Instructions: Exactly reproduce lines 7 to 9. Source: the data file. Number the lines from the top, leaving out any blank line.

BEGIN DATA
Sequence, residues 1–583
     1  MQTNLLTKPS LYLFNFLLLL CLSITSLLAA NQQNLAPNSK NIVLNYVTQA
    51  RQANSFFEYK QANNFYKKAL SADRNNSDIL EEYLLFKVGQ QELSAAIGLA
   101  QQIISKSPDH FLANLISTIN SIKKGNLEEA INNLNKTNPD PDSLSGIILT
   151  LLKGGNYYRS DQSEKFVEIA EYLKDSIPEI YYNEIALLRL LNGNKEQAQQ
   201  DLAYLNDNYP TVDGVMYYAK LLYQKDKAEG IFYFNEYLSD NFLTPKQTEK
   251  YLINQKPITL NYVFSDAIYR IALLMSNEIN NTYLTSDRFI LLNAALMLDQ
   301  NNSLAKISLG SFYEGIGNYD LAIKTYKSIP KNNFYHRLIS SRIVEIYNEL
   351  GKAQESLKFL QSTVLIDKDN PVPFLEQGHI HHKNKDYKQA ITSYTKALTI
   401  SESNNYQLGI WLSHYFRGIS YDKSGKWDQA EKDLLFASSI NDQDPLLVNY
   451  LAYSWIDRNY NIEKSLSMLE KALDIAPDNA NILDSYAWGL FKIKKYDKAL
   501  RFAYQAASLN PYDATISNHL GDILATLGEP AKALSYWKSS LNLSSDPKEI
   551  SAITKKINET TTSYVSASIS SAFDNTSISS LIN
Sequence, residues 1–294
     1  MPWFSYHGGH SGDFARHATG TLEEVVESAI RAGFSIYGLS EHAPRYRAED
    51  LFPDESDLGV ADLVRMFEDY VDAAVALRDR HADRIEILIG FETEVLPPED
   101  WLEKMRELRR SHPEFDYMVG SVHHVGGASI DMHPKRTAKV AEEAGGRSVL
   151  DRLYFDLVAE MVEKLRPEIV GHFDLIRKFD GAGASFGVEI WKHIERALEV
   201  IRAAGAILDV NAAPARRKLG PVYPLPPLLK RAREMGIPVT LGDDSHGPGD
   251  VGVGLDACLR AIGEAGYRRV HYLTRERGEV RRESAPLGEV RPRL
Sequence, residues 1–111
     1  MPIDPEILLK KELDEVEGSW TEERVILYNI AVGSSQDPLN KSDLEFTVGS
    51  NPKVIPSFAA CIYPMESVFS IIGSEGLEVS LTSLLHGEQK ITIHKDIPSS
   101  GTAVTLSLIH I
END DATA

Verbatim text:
   251  YLINQKPITL NYVFSDAIYR IALLMSNEIN NTYLTSDRFI LLNAALMLDQ
   301  NNSLAKISLG SFYEGIGNYD LAIKTYKSIP KNNFYHRLIS SRIVEIYNEL
   351  GKAQESLKFL QSTVLIDKDN PVPFLEQGHI HHKNKDYKQA ITSYTKALTI